If you have been dreaming of the day when foie gras would again be placed on the menu in California, then that day has finally arrived. U.S. District Court Judge, Stephen V. Wilson, has legally sanctioned the sale of foie gras in restaurants once again.
Lifting the Ban on Foie Gras: A Win for Some Chefs, A Loss for Animal Rights Activists
Plaintiffs in the current judgment include Hudson Valley Foie Gras, Association des Eleveurs de Canards et d’Oies du Quebec, and Hot’s Restaurant Group. This is a big win for the businesses who said that the 2012 state ban on the sale of foie gras was blatantly unconstitutional.
The judge obviously agreed, stating that the state’s Health and Safety Code, Section 25982 was in contradiction to the U.S. Poultry Inspections Act, meant to regulate sales of chicken, geese and ducks. Many restaurateurs are elated by the news, including Stephane Bombet, one of the partners of Terrine and Faith & Flower. Her foie gras was one of the featured dishes on her brasserie’s menu.
Defining Foie Gras
While supporters of organizations that denounce animal cruelty would not be so pleased with the recent verdict, many aficionados of French cuisine have taken the opposite stance, all which makes foie gras a controversial food inside and outside of France. Foie gras (which is pronounced as “fwah-grah”) is a dish that features the liver of a goose or duck that is enlarged by a special feeding method. The dish is served in terrines, as an entrée or in pâtés.
Foie gras, Image Nikodem Nijaki, Wikipedia
The Differences in Foie Gras
In turn, the French goose or duck liver is a delicacy food—exceptionally fatty—with a smooth texture and very rich flavor. Connoisseurs of the cuisine rave that the poultry has a distinct taste of its own, with the goose foie gras or foie gras d’oie defined as milder or more refined than its counterpart, foie gras de canard, which is less fatty but more gamy in taste.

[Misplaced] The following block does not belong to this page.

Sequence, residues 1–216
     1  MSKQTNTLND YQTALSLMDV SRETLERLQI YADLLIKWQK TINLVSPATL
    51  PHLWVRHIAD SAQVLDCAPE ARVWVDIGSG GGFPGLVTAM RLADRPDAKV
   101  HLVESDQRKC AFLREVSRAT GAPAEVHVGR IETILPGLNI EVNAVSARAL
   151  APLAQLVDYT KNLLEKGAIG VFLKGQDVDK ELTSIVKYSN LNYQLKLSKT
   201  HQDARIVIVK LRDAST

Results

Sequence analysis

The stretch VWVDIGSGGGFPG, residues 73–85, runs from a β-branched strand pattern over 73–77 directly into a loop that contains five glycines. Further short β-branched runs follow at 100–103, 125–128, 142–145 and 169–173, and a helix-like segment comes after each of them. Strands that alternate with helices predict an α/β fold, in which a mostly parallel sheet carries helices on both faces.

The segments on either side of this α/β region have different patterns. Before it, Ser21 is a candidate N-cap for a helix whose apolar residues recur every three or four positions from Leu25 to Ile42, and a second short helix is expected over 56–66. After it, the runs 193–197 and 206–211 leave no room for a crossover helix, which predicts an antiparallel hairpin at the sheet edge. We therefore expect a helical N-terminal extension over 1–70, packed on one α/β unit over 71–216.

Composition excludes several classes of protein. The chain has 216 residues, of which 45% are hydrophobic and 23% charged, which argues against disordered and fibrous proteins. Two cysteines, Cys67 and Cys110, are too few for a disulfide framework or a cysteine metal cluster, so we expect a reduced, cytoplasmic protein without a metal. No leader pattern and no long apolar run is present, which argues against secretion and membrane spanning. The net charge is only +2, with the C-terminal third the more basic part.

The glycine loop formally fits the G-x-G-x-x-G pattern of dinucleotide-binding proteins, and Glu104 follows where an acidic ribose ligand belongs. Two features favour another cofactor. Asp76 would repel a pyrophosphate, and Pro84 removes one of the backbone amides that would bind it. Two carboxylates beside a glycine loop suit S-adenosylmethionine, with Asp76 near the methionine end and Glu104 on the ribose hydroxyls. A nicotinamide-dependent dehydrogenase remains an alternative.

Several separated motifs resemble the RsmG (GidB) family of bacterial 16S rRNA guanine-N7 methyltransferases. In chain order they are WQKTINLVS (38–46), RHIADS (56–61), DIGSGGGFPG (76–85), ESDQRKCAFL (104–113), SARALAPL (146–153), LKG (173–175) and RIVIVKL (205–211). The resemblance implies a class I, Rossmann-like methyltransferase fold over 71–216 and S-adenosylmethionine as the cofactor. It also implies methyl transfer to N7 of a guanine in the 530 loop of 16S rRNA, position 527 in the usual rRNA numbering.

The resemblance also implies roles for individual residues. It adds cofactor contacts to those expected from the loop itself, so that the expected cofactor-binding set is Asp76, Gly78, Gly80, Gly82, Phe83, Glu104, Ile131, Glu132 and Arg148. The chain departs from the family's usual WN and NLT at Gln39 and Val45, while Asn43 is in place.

Why Foie Gras is a Controversial Delicacy
While the liver is pan-seared over high heat, it is a tricky dish to prepare as it can also melt if it isn’t carefully and artistically cooked. The technique that producers use to fatten the liver served as foie gras is called gavage, a type of force-feeding which some consumers believe is cruel. Some animal rights activists believe that the practice goes beyond the limits of raising livestock or poultry for slaughter.
Gavage – Image Jérôme S., Wikipedia
So, the controversial liver is controversial because of how the goose or duck is treated before its liver arrives on the table as an entrée. Where do we draw the line in this respect? Are we taking it too far to raise an animal in this manner? After all, foie gras would not be foie gras if the goose or duck were not force-fed. While the liver is a fine and tasty delicacy, it still is associated with a method that is considered less than culturally or culinarily acceptable. Foie gras may tempt the palate but is it really so tempting when you consider its origin?